Memorials Book

A Colonial record book that revealed the current owner of a tract of land. Every time land changed hands, beginning with the grant, this transaction had to be recorded.

Metes and Bounds System

Surveying system used under the Headright System. The boundary lines of a tract were measured (metes) and described in terms of the adjacent land or geographical features, i.e., a stream, a road, land owned by another person or unknown land. The land was never pre-surveyed as a whole, but piece by piece, as it was granted. In contrast to the metes and bounds system is the Land Lot System.

Militia District

A division within a county. All men between 16 and 60 (age varied) residing within its lines were automatically enrolled in a company for military purposes under a captain.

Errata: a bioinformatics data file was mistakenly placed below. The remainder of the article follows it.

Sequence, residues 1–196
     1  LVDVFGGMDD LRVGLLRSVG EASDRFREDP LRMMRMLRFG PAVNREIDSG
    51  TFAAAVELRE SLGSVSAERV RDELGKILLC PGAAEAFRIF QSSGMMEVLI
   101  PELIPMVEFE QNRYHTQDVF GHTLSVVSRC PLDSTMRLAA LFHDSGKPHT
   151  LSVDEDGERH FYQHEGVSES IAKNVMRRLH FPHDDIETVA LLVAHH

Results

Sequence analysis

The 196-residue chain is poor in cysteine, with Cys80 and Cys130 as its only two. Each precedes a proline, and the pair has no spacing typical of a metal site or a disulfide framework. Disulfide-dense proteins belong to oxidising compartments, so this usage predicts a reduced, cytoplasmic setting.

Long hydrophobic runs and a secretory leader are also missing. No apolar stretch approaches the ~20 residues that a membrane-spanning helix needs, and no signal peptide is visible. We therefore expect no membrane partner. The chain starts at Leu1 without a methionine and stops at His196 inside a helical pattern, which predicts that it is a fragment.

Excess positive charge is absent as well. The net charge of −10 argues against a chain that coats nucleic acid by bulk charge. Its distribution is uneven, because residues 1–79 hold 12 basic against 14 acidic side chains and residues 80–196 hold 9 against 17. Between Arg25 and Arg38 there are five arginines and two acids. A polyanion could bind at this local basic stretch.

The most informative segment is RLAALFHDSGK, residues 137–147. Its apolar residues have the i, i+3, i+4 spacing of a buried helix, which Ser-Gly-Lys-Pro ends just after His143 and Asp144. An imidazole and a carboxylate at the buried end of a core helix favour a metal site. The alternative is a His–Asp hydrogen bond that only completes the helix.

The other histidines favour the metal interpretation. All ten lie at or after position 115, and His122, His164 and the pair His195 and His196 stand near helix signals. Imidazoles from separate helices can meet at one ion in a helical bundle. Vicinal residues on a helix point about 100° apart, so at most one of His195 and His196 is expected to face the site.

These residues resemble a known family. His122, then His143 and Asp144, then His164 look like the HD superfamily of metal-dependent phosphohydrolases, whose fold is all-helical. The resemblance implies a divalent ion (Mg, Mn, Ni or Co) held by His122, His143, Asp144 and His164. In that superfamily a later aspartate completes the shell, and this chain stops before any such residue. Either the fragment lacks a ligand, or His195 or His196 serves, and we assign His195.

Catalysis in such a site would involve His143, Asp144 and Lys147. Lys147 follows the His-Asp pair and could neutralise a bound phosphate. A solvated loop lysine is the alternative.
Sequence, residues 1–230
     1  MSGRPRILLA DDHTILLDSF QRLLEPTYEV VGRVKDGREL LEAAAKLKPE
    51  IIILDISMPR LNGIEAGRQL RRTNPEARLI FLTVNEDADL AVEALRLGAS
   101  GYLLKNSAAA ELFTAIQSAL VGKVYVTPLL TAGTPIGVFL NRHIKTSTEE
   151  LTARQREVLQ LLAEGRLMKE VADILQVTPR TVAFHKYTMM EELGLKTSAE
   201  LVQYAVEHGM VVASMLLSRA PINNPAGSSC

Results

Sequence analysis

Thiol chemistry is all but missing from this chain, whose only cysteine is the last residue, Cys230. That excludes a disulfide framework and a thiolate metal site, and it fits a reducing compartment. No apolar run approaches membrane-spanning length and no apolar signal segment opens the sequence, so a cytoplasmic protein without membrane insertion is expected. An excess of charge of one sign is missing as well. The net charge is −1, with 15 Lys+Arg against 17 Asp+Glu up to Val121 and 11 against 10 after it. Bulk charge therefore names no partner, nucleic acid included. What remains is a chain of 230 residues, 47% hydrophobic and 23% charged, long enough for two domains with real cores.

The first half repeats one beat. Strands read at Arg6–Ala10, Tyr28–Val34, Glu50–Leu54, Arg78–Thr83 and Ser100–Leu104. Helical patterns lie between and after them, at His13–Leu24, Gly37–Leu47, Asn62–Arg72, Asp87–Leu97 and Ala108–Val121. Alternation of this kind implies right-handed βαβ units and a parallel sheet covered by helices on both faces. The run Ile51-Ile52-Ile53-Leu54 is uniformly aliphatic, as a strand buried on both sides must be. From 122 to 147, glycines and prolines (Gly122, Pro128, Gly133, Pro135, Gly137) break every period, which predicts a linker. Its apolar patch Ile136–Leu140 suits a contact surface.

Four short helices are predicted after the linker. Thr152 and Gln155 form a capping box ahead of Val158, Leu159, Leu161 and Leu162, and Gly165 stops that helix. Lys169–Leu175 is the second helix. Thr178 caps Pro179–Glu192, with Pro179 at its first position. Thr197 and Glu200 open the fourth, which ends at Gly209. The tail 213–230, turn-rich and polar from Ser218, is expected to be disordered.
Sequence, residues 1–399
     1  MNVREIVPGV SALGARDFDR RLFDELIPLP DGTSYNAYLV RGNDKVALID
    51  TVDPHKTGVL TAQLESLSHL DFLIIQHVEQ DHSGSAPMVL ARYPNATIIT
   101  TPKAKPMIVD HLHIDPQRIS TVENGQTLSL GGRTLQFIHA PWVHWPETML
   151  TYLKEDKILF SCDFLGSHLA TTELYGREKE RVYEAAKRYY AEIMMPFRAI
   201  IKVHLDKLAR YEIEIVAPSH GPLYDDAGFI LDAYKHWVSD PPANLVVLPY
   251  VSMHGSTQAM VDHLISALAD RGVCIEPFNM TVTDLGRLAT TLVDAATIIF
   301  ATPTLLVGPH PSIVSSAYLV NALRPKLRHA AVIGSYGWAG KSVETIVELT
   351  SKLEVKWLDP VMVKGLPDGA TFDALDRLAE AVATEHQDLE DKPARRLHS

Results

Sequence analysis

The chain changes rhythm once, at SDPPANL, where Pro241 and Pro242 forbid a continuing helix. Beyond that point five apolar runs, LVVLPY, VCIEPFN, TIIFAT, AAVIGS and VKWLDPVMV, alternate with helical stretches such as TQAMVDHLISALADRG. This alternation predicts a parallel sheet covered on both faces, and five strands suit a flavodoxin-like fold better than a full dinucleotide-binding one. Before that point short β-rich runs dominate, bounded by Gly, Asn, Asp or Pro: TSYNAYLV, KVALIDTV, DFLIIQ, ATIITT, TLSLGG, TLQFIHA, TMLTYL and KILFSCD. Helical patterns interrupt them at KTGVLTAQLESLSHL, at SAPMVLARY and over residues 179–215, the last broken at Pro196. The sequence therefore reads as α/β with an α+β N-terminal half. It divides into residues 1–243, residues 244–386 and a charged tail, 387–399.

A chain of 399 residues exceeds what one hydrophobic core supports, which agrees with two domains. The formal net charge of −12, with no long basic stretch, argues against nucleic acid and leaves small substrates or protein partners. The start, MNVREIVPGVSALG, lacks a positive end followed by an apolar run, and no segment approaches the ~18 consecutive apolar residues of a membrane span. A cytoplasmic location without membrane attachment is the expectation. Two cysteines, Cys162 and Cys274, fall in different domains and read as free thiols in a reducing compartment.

Petition

A written application for a grant under the Headright System and also for a Bounty Grant.

Plat

  1. On the state level a survey or little map of the granted parcel, usually drawn a few years prior to the issuance of the corresponding grant.
  2. On the county level a survey accompanying a deed.

Plat Book

A record that contains recordings of the plats, both at state and at county level. See also Headright Plat Book and Lottery Plat Book.

Refugee

A man whose house had been ransacked by the British and who fled from the  state and who would then join the Militia Regiments of South Carolina and North Carolina. He was entitled to a bounty grant.

Reverted Lot

A land lot not claimed by its fortunate drawer; the deadline within which grants could be taken up was extended several times by law, but finally the lot would revert to the state and would then be sold to the highest bidder, in whose name the grant would be issued. There is no index to the names of these highest bidders.

Revolutionary Soldier

Under the Headright System a revolutionary soldier was entitled to a Bounty Grant, provided he could prove his military status by a certificate. Under the Lottery System he had more draws than ordinary citizens and the letters “R.S.” or “Rev. Sol.” would appear on the grant behind his name.